Vocation is a calling. It is answering the call to follow and follow I have done. Not the most perfect of followers and definitely not one of those bright shining stars that populate the universe of clergy. I have been the person whom God created me to be, I have tried, failed and tried again and through the trials and tribulations I have grown to love these people whom I have lived with. Last Sunday was Easter and it will be my last Easter here in the place I am. As I looked out at the congregation, knowing many only come once or twice a year, I saw so many stories and each one has touched my heart. The teens who I held in my arms so many years ago, pouring water over their heads as I baptized in the name of the Father and the Son and the Holy Spirit, bringing them into the community of faith. The families who I sat with as we watched a beloved member die, as we stood at the edge of the grave, ashes to ashes, dust to dust. It was hard, it will be hard, to say good-bye, to bid these people farewell, even now as I write this I feel the clutch in the throat, tears on the edge of my eyes, remembrances pouring out.

My own dash, the space between birth and death, is where I am now being called into, to write, however imperfectly, about this life. If anything, I write this for my grandchildren and those who will one day walk into some graveyard, stare down at a stone with my name engraved on it with a birthdate and death date, and that all important dash.

Coddiwomple

Coddiwomple

(v) to travel in a purposeful manner towards a vague destination.

It just had to be,

this journey we’re on

I can’t say it was meant

to be this way

but faith is about

the roads we travel

even when it grows dark

and doubts creep in

as we wonder

where it will all lead

it’s never been clear

no roadmaps, no guides

only our feelings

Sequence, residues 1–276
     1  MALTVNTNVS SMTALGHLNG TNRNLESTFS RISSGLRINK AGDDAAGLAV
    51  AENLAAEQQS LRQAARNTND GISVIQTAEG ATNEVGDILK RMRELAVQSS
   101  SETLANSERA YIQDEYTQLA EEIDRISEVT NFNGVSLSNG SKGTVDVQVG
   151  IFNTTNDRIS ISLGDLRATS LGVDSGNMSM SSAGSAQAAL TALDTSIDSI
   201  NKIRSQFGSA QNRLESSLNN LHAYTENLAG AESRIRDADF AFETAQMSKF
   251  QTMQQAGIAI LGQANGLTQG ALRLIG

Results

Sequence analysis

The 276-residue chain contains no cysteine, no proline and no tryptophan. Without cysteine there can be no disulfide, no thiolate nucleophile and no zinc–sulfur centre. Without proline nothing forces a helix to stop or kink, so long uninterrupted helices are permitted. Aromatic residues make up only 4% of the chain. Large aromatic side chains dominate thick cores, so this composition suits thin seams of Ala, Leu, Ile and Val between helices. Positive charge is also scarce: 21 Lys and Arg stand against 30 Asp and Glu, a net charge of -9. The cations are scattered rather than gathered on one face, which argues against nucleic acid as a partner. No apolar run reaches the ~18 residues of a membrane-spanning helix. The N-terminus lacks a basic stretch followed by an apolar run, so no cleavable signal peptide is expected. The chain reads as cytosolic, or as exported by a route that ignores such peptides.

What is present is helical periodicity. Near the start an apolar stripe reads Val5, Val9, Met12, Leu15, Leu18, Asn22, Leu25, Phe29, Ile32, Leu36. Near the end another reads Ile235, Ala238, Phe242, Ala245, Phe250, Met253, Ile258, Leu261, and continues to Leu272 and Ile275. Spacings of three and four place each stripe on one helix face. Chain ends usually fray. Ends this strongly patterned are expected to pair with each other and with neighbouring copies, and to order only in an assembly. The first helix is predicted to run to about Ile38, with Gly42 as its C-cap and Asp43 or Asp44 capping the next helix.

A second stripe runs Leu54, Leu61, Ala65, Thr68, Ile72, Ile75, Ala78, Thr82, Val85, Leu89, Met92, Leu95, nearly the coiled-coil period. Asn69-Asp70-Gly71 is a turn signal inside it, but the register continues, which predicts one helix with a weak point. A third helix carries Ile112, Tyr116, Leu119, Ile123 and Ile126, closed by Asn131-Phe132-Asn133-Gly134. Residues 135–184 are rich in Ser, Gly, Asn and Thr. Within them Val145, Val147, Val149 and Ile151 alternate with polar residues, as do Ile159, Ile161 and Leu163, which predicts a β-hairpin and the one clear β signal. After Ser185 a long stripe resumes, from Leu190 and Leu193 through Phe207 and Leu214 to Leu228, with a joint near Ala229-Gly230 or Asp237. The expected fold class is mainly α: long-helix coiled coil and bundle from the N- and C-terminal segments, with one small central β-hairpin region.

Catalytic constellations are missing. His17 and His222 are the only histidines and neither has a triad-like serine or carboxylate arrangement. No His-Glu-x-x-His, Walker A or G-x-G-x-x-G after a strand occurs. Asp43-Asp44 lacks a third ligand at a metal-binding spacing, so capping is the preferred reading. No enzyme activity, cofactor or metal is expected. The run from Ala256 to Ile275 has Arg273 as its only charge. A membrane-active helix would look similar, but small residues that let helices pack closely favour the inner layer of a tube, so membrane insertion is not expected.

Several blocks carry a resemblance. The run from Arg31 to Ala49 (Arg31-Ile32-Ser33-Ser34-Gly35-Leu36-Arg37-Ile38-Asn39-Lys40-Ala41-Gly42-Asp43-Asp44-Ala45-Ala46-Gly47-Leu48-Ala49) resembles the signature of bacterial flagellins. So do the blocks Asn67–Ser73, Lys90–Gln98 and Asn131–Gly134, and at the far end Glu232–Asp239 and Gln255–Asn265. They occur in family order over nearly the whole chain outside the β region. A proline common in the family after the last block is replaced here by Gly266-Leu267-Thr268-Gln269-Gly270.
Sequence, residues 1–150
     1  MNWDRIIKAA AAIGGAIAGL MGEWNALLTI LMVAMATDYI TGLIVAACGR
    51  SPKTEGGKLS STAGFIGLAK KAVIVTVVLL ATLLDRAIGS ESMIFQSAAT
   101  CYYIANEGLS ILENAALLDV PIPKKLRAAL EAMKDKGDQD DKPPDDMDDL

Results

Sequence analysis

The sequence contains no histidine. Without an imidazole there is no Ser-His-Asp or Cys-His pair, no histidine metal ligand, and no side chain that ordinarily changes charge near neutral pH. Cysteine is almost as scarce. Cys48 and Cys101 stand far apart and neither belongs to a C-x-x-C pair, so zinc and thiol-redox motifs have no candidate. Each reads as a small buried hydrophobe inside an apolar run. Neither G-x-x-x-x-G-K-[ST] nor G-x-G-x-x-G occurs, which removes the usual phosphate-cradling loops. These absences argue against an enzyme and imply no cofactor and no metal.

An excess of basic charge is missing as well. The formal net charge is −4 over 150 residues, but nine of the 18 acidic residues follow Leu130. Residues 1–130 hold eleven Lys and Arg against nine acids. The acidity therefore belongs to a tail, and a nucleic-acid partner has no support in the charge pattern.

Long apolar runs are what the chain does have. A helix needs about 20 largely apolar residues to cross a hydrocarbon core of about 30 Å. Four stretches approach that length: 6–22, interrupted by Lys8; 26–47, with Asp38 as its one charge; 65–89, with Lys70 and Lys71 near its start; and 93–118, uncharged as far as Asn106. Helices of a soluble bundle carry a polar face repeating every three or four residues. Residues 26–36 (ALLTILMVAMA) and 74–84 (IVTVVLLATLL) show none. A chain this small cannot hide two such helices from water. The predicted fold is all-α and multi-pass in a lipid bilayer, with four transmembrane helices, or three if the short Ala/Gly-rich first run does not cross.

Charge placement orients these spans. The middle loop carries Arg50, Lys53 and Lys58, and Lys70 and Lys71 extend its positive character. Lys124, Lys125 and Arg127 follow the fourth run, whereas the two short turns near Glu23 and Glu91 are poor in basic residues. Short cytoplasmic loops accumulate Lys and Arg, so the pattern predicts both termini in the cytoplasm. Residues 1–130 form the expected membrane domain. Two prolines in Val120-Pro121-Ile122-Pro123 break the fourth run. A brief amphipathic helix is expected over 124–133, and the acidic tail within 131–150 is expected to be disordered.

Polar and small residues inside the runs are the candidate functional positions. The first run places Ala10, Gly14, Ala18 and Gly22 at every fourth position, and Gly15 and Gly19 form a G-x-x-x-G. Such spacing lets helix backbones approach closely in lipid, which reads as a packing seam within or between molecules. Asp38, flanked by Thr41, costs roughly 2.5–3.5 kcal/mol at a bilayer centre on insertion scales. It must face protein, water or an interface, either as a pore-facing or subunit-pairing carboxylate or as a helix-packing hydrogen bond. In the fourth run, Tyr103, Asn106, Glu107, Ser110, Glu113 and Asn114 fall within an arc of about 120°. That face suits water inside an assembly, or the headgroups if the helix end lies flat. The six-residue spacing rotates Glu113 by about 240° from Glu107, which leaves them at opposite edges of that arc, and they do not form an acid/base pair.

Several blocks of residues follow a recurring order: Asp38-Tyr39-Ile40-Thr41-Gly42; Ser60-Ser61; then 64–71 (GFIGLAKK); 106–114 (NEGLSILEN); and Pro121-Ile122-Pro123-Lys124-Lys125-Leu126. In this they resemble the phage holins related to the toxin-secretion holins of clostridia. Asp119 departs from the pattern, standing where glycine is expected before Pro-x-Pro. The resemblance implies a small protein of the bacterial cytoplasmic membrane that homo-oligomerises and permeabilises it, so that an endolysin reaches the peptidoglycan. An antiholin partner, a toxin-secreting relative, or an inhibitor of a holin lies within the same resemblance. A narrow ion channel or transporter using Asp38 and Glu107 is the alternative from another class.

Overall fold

that are more like mist

that is at once there

and then gone

leaving us feeling full

and yet empty

so now we say goodbye

each on their own journey

toward a new destiny

holding onto the memory

of what has been

dreaming of what will be

realizing that faith, hope and love

the greatest being love

a treasure held within

our own fragility

is what we share

as we travel forward

into the unknown.

Stories are Everywhere

I’ve been sitting here, staring at that blinking cursor and blank white screen trying to figure out what to write about. Do I write a piece of prose, a bit of nonfiction or fiction, do I write a poem about a tree? There are millions of ideas that float across my mind and like a school of fish they slip past quickly before I’ve had any chance to grab even one. Stories are out there and stories are within, the trick is to start digging away and just write what you see and damn the consequences.

Stories come from our everyday experiences, those seemingly small moments that we don't think are very important but when we begin to unpack them we see something of ourselves. Yesterday I had one such experience, a connection made with a man named George. George has been hanging out in our church yard, using the picnic table to have his breakfast and coffee. George is one of those characters that seem to gravitate toward the church. They are lost, lost in the world, lost in society and lost within themselves. He’s not a dangerous person, he’s not unintelligent, he’s just lost. That is something many people just can't wrap their heads around, that here is a man, who is educated, seems smart and yet can’t seem to find his way. Yet, here he is, struggling. In his mind, in his lostness, he is wrestling with God in his own wilderness. The spiritual struggle some of us go through as we seek our place in this craziness called life.

George and I have now spoken several times and with each conversation another layer of his complex personality is exposed. That he was married, that he was a lawyer, that he had gotten involved with a fundamentalist religious group, and with their blessing went over to Europe to begin a ministry of house churches. Along the way he lost his purpose, he lost his wife and children to divorce and he may have even lost his connection to family and friends.

I sit here, a conduit to God’s grace, a conduit that is in itself flawed by my humanity. I sit and listen, I can offer no quick fix, no special prayers, or some magical incantation, I’m not a Shaman or a mystic, I’m just the person God created me to be. There are stories to be told, to be written down and shared. Stories of our common humanity, of our need for one another, not just when things are going great, but also when we are traveling along a darkened path. Life is a struggle and for some, like George, it is a greater struggle. That is why we need to share these stories because if I were to I be honest, if we were to be honest, there is a bit of George in all of us, that small, scared child who fears what is under the bed or the monsters lurking in the dark closet. Our lives are connected in that mystery we Christians call the Incarnation, the Divine Presence of the Word which called us into being out of the dust.